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Tim Boxer

Boxer Shorts

Gil Tamary and Bruce Lilker
Gil Tamary and Bruce Lilker

Douglas C. Mass of Cosentini Associates and Leonard Koven of AKF Group
Douglas C. Mass of Cosentini Associates and
Leonard Koven of AKF Group

Good News, Bad News

IL TAMARI, Washington bureau chief of Israel’s Channel 10 TV network, related a story his father once told him that resonates today.

At an Israel Bonds luncheon honoring consulting engineer Bruce Lilker at the St. Regis Hotel in New York, Tamari said that God warned the leaders of the United States, the Soviet Union, and Israel that he will terminate the world in three weeks.

The U.S. president announced, "My fellow Americans, I have good news and bad news. Good news is God exists; bad news is He will destroy the world in three weeks."

The Soviet president told his people: "Comrades, I have bad news and bad news. First, God exists. Second, He will destroy the world in three weeks."

Israel’s prime minister, smiling from cheek to cheek, announced, "Listen guys, I have good news and good news. First good news is God exists. He even speaks with my accent. Second good news is there will never be a Palestinian state."

Three years ago, Tamari said, he got a strange call instructing him to come to a private aviation terminal in New Jersey. Never one to miss a story, he left Washington and came to the terminal. He had no information. The receptionist said, "You see that small plane? Those two pilots are waiting for you."

"Let’s take a ride," the pilot said.

"Where are we going?"

"I can’t tell you."

"You can’t tell me? I’m not flying with you."

Not being one to miss a story, Tamari got on. He peered out the window all the time. "Thank God I didn’t see an ocean. So it wasn’t Hezbollah that’s kidnapping me."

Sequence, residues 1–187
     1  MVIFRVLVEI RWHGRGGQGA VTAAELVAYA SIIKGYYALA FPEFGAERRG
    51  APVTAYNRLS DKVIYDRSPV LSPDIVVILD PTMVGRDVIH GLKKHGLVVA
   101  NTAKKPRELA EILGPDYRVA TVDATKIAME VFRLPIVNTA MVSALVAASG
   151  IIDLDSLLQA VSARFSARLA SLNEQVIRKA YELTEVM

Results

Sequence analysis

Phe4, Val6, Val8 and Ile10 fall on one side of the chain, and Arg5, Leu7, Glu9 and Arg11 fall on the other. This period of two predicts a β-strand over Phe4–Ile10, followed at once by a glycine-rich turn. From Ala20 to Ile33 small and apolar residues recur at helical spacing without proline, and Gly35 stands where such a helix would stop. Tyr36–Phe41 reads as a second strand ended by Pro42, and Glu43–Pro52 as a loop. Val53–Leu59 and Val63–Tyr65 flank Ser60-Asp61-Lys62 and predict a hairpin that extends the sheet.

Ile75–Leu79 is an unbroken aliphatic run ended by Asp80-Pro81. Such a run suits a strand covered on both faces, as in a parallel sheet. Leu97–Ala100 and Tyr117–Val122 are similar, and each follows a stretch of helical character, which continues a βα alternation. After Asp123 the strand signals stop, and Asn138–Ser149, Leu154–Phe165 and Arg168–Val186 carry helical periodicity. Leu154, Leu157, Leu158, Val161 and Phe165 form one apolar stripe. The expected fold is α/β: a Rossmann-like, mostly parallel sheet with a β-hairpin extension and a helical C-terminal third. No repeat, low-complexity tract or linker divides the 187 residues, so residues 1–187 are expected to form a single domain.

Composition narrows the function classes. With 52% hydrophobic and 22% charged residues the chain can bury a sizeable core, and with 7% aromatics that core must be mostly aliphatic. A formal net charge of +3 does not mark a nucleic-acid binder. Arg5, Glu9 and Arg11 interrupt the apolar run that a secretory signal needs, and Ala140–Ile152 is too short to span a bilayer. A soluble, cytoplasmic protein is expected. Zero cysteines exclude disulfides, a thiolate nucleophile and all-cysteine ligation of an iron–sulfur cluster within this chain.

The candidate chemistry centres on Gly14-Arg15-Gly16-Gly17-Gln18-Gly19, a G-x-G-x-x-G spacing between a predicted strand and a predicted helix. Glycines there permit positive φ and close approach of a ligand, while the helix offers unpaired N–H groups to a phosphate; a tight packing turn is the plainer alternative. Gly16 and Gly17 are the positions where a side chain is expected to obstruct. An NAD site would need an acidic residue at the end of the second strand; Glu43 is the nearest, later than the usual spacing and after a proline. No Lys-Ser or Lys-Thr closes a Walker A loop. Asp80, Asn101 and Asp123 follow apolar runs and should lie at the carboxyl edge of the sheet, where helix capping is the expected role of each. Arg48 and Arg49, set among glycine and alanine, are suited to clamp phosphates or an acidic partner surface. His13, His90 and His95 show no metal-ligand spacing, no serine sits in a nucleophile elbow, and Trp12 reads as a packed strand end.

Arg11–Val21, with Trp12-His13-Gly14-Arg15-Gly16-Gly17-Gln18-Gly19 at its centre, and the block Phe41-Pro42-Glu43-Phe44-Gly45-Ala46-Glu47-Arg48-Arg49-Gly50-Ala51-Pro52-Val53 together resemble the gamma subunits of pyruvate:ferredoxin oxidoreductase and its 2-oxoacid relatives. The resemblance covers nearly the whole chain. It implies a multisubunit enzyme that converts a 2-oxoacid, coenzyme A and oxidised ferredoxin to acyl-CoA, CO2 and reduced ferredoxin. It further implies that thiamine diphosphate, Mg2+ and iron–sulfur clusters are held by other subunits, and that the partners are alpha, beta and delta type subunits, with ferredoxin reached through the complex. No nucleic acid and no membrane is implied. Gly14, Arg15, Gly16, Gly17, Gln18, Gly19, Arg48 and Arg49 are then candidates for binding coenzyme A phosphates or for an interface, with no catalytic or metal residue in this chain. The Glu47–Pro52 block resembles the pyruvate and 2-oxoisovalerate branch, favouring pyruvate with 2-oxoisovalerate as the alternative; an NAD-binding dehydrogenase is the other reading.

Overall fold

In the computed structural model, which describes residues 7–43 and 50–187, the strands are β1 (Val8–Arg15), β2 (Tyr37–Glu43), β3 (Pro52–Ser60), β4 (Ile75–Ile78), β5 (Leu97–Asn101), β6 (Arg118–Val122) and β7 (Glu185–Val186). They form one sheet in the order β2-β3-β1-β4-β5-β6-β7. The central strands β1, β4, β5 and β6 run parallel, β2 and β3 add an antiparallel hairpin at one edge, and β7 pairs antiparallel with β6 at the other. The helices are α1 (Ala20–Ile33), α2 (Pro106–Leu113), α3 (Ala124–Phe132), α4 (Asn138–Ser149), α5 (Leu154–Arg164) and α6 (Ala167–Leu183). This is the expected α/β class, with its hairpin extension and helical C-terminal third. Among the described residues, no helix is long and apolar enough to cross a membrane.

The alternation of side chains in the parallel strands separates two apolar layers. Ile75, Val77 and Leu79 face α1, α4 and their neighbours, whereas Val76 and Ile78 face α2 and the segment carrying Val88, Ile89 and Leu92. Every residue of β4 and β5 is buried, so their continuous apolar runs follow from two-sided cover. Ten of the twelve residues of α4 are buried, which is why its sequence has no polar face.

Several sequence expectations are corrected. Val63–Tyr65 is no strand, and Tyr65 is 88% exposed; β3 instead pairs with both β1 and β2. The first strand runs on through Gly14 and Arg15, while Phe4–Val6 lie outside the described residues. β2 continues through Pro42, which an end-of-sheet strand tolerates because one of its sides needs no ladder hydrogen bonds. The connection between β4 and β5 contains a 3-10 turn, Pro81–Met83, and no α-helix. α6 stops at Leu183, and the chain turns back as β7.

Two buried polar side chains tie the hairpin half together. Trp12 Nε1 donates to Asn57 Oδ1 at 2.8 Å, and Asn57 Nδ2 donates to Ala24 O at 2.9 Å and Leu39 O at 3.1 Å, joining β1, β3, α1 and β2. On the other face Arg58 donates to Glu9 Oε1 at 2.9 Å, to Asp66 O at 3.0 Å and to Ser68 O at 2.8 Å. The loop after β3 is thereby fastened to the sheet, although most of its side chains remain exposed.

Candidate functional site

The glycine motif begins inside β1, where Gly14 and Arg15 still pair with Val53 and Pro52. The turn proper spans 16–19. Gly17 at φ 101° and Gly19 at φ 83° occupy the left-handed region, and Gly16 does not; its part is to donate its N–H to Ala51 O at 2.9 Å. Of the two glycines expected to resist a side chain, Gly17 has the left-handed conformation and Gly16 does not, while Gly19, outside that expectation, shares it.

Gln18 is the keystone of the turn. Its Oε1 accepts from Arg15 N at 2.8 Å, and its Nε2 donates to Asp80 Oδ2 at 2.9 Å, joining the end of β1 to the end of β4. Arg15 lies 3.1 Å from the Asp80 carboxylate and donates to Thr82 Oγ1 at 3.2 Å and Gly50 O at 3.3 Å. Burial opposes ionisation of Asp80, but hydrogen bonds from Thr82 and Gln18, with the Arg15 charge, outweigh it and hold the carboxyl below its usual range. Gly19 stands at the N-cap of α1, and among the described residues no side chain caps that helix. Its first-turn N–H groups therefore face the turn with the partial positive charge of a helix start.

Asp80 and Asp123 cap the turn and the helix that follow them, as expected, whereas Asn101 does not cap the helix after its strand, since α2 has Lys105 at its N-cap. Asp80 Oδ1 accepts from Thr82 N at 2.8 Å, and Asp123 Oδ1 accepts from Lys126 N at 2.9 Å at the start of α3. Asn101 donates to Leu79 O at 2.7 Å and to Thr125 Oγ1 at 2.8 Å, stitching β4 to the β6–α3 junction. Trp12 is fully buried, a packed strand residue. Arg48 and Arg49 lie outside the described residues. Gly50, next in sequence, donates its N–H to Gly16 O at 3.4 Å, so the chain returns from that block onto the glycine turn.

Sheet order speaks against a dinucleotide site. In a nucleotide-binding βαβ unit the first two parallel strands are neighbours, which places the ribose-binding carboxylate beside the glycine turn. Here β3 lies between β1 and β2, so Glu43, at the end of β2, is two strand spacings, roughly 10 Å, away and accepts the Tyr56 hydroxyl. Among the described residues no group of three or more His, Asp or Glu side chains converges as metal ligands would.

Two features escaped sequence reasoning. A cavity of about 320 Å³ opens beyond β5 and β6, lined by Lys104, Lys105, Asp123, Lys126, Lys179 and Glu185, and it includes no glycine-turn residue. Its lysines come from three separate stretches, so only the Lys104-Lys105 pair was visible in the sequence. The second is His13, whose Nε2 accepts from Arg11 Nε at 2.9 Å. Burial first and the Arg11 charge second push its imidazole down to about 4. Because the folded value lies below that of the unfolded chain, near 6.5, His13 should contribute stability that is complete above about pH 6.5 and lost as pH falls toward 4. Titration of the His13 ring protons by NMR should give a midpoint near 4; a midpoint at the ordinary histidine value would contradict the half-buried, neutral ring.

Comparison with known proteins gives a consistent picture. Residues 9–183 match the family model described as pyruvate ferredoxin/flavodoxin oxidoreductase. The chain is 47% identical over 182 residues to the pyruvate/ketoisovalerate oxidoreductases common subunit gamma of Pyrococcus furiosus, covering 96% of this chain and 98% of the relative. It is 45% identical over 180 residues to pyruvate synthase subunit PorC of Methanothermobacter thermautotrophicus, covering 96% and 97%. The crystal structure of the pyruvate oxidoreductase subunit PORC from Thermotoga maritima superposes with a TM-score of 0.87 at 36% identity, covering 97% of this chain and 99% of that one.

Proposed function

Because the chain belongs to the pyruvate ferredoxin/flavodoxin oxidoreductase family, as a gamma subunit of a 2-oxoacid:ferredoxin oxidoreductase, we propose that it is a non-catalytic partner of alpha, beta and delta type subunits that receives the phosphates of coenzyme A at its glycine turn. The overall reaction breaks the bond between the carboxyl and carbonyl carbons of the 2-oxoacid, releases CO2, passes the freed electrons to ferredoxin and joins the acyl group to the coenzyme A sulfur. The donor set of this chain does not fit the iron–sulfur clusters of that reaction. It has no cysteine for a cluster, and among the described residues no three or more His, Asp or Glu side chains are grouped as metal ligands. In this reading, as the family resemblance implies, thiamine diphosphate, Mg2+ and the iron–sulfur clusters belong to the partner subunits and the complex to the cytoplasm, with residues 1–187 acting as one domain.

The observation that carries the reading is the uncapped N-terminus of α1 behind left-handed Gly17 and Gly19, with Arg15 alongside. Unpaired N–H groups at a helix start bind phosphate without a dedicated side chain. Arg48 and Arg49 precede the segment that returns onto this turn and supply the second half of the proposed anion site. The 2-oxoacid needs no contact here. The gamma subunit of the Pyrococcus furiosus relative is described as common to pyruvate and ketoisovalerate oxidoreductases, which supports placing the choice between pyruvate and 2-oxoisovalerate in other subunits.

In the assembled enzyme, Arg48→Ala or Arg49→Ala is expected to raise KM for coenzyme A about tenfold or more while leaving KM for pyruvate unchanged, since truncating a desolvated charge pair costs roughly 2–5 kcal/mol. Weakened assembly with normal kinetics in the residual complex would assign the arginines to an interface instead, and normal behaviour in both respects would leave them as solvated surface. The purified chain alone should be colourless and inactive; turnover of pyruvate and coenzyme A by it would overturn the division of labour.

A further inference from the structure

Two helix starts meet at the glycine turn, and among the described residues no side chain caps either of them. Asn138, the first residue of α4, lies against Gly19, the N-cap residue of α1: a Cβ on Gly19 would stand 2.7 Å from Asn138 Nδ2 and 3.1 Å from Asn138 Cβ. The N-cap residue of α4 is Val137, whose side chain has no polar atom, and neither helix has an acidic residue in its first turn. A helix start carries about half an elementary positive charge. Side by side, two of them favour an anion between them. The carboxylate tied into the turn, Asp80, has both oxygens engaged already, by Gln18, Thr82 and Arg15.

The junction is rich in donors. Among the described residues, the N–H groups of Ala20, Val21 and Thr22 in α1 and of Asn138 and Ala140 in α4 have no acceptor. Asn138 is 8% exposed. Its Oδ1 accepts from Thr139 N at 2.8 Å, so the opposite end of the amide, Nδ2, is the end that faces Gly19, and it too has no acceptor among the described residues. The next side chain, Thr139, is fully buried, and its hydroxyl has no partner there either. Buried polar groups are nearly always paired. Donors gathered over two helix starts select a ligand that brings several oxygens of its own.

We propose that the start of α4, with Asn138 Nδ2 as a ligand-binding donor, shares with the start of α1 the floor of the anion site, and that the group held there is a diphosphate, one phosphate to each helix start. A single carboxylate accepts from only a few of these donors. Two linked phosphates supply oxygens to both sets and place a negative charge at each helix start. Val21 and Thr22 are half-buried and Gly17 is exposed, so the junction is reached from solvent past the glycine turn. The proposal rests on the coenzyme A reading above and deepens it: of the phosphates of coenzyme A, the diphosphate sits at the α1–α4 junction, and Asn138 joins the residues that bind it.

When he landed he found a car waiting.

"Welcome to Omaha, Nebraska," the driver said.

He drove to the Quest Center, the big arena in town, where he was greeted by—Warren Buffet!

Haim Shkedi (left), general manager of the King David Hotel in Jerusalem, greets U.S. Defense Secretary Robert Gates upon arrival for peace negotiations with Palestinian Authority. Photo by Oren Cohen.
"Sorry about all the secrecy," Buffet said. "We couldn’t tell you anything this morning because Wall Street was still open."

Buffet looked at his watch and said, "Now that Wall Street is closed, I can tell you. In 15 minutes I’ll announce to my Berkshire Hathaway shareholders that we are going to make our largest investment outside the United States. We’re buying Iscar for $4 billion. It’s a company in the Galilee that manufactures precision metal-cutting tools."

"You know the situation Israel is in," Tamari said. "Neighbors seek its destruction. Why risk your shareholders’ money to invest in Israel?"

"After 9/11," Buffet replied, "there is the same risk in America as in Israel."

Tamari told the luncheon guests, "Last year Buffet lost one billion dollars in the U.S. and lost not one penny in Israel. That means Israel Bonds is a safe investment."

Farrah Fawcett
Farrah Fawcett
Small But Stood Tall

HERE was a time when Farrah Fawcett, who succumbed to cancer at age 62 on June 25, fell in love with a part of Israel. It was October 1979 when Faberge chief George Barrie, having decided to bring his suds to the Middle East, took Farrah on a promotional junket to Egypt and Israel.

He was promoting a new shampoo named after the iconic sex symbol that he believed would go over well there, especially in Israel.

"We’ll be a new type of peace ambassador," Barrie said. "We’ll be meeting with Anwar Sadat and Menachem Begin and their wives. We’ll wash our heads together.

"What’s wrong with that being a new way to clean up the whole situation?" And clean up the shampoo market as well!

Farrah, newly separated from Lee Majors, discovered that the best part of Israel was — her handsome young bodyguard. Her dazzling smile and golden tresses could win over anyone anywhere.

When the Faberge group returned to New York Barrie immediately quashed gossip of a passionate affair.

The House Wit
Economic Forecast:
There will be little change in men’s pockets this year.

"Farrah did not have a romance in Tel Aviv," he declared. Barrie denied a rumor that Farrah asked him to give her Israeli bodyguard a job so he could come to the U.S."

Two months later the top poster girl of the ‘70s appeared at the Woolworth offices in downtown Manhattan to push her shampoo sales. I took pictures as she autographed her glossies for the executives and buyers.

"My goodness, you’re so small," a surprised secretary said as Farrah shook everybody’s hands. "On television you look so big."

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